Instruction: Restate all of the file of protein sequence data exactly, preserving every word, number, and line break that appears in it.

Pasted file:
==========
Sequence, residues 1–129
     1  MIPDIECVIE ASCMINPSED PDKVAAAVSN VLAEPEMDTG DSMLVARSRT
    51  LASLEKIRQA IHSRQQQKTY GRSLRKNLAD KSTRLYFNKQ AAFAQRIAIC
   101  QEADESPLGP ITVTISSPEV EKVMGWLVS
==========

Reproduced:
Sequence, residues 1–129
     1  MIPDIECVIE ASCMINPSED PDKVAAAVSN VLAEPEMDTG DSMLVARSRT
    51  LASLEKIRQA IHSRQQQKTY GRSLRKNLAD KSTRLYFNKQ AAFAQRIAIC
   101  QEADESPLGP ITVTISSPEV EKVMGWLVS